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February 22, 2017

European data centres see record-breaking colo take-up in 2016

CBRE finds that the European data centre market for 2016 reached high record levels from colo activity.

By Hannah Williams

Global real estate advisor, CBRE revealed that the European data centre market across its four major hubs reached a record take-up of 155MW in 2016.

The hubs located in Frankfurt, London, Amsterdam and Paris all boosted their individual colocation activity which led to the record level.

Amsterdam, which saw a take-up of 54MW, became the first market in history to receive over 50MW of take-up in a single year, while London and Frankfurt scoring 49MW and 34MW recorded more take-up than any individual market before 2016.

The fourth major hub, located in Paris saw a take-up of 17.6MW in the year, which is alsmost more than seven times better than its performance of 2.5MW in 2015.

Paris also saw a huge surge in take-up from 2014 and 2015 during Q2 2016, according to findings from CBRE.

Read more: European data centre market sees record colo take-up in Q2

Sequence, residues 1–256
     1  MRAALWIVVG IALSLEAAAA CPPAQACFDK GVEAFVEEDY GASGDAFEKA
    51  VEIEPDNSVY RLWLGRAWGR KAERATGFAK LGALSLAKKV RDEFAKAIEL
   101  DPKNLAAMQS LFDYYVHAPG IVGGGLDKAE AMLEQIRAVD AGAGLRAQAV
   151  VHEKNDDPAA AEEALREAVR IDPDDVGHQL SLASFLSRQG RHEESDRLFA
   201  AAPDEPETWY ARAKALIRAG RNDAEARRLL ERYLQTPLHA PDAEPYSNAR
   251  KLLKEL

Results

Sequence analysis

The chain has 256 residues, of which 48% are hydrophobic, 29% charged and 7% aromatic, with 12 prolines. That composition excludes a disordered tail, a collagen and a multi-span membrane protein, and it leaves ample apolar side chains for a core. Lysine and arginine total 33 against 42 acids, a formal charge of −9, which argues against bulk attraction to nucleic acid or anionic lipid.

CBRE refers to the take-up of 2016 as the largest increase from any market in the previous year.

Andrew Jay, Executive Director, Data Centre Solutions, CBRE said: “The record level of take-up in 2016 was totally unprecedented. Q4 alone saw almost as much activity as any other full year. Over the course of 2016 all four markets saw more take-up than they each did in the previous two years combined. The numbers are quite astounding.

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“Cloud continues to dominate the landscape, with 70% of deals coming from this sector. These hyperscale cloud deals that once would have been unusual became the norm. We predict that cloud take-up will continue to increase in size as more hyperscale providers turn to large-scale build-to-suit facilities as an effective speed to-market option.”

This is particularly evident as the customer demand for data centre providers to deliver cloud hosting and colocation services increases. Research conducted by Cisco also found that 92 percent of workloads will be processed by cloud data centres by 2020.

Already, the European data centre market is showing clear signs of adjustment to these demands. One example, being the recent expansion of Colt’s London data centre, which stemmed from this continuous demand from its customers.

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